Key Debates in Anthropology
Psychology Press, 1996 - Social Science - 302 pages
Every year, leading social anthropologists meet in Manchester to debate a motion at the heart of current theoretical developments in their subject. Key Debates in Anthropology collects together the first six of these debates, spanning the period from 1988 to 1993. For each debate there are four principal speakers: one to propose the motion, another to oppose it, and two seconders. These debates give unprecedented insight into the process of anthropological theory in the making, as the many contributors both engage with each other's positions and respond to wider intellectual currents of the time. The first debate addresses the disciplinary character of social anthropology: can it be regarded as a science, and if so, is it able to establish general propositions about human culture and social life? The second examines the concept of society, in relation to such terms as individual, community, nation and state. In the third debate the spotlight is turned on the concept of culture, and on the role of culture in people's perception of their environments. The fourth debate focuses on the place of language in the formation of culture, highlighting the problematic distinction between verbal and non-verbal communication. The fifth takes up the question of how we view the past in relation to the present, touching on the difference between history and memory. Finally, in the sixth debate, the concern is with the cross-cultural applicability of the concept of aesthetics. Can there be an anthropology of aesthetics, or is the term so wedded to Western standards of evaluation as to make any such endeavour hopelessly ethnocentric?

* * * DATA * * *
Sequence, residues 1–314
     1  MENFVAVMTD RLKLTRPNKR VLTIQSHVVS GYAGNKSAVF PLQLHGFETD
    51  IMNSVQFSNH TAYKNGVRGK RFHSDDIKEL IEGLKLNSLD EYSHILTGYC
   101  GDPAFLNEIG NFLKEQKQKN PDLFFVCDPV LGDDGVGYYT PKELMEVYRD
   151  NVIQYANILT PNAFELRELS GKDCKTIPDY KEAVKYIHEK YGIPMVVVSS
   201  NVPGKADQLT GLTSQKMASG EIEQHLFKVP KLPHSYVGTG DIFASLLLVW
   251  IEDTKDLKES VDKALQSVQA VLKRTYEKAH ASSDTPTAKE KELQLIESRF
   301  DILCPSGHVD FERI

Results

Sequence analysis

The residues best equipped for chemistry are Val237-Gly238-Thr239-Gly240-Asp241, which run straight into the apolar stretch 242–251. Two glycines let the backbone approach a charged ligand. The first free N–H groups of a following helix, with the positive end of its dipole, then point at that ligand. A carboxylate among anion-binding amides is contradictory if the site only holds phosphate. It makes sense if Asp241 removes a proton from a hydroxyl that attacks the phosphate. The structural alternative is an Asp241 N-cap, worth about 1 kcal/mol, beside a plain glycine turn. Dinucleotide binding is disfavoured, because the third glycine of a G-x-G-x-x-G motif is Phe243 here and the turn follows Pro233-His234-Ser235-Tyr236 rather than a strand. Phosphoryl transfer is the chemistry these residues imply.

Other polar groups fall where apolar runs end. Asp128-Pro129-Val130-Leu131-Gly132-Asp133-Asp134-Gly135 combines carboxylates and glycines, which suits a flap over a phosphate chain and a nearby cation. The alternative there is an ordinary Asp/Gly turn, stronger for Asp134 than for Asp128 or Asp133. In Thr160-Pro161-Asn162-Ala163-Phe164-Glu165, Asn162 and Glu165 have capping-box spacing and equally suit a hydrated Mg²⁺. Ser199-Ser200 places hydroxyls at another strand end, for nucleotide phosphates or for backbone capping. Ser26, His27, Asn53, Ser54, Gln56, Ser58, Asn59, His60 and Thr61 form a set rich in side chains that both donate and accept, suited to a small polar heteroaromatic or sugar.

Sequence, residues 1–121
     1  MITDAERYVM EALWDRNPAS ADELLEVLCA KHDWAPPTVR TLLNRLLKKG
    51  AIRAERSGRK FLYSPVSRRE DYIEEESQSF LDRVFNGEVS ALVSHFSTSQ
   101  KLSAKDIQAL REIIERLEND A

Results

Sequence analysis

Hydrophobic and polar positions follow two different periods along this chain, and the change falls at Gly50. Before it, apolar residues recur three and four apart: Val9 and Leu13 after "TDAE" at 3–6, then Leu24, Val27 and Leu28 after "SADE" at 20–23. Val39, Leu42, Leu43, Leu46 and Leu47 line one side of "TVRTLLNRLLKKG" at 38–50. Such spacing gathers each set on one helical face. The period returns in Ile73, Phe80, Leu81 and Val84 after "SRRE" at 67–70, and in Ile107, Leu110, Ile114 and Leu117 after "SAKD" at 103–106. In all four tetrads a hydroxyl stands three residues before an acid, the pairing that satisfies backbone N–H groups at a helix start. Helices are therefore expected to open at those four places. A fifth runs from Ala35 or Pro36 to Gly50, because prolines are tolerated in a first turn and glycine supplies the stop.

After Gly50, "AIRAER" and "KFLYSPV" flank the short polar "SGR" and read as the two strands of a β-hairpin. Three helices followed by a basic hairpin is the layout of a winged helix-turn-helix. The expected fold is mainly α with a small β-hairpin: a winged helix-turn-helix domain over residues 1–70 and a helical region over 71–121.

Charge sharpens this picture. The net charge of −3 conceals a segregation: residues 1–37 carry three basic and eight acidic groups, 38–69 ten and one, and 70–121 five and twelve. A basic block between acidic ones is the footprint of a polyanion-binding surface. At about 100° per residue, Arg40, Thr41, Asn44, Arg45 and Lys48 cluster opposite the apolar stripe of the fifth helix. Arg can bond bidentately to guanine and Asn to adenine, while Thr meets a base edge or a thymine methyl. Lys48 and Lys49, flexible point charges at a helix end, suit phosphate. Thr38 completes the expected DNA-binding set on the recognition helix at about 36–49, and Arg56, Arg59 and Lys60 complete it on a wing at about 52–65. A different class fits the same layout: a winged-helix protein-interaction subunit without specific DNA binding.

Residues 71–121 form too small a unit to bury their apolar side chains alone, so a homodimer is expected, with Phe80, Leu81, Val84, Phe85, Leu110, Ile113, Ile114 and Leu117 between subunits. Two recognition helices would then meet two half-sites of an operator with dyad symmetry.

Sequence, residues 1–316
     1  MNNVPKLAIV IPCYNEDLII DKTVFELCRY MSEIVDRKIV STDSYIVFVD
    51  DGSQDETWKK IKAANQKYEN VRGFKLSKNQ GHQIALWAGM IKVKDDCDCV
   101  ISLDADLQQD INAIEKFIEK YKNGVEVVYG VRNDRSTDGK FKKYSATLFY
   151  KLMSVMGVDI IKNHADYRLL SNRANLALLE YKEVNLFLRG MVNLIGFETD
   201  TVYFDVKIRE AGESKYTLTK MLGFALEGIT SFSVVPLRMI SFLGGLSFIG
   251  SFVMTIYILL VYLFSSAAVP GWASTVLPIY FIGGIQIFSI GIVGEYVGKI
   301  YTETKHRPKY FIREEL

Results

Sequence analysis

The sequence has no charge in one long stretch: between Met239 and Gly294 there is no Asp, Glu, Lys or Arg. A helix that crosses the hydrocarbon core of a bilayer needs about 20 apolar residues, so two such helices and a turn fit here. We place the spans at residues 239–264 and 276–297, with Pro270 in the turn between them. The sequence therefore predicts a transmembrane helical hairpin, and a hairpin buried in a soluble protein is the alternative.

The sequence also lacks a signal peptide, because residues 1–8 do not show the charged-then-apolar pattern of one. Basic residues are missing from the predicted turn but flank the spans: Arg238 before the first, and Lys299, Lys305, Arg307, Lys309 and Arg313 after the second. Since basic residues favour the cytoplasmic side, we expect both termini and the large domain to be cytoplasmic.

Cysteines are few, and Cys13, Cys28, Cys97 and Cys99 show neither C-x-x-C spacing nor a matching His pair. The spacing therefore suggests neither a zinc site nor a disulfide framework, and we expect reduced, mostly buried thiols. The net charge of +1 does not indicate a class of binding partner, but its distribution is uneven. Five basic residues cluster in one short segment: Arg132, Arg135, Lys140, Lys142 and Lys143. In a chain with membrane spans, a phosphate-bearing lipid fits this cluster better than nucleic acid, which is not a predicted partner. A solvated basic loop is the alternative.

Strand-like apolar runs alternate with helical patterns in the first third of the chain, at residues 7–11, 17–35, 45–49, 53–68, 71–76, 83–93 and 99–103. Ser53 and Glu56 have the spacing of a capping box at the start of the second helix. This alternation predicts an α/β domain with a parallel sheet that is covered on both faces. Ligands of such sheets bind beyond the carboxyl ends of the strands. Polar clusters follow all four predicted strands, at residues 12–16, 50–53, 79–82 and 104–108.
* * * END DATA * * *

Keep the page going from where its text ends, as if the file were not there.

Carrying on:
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debate Social anthropology is a generalizing science
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Abelam academic activity aesthetics Alfred Gell anthro argue argument art objects beauty become behaviour capacity claim cognitive communication concept of aesthetics concept of society concerned consciousness constituted context contrast course cross-cultural category culturally constructed David Parkin debate dichotomy Dinka discipline discourse distinction environment essence of culture ethnographic everyday example existence experience FEELEY-HARNIK foreign country human worlds idea individual Ingold intellectual interaction issue JOHN PEEL judgement Keith Hart kind knowledge L. P. Hartley language linguistic live Marilyn Strathern meaning memory metaphor modern modernist Morphy motion nature opposition organism ourselves Oxford paradigm particular past Paul Richards perception persons Peter Gow Piaroa political practice present problem production proposition question relations relationships ritual scientific scientists seems sense social anthropology speakers specific talking theoretical theory things thought TIM INGOLD tradition understand verbal WENDY JAMES Western aesthetic words Yolngu Yoruba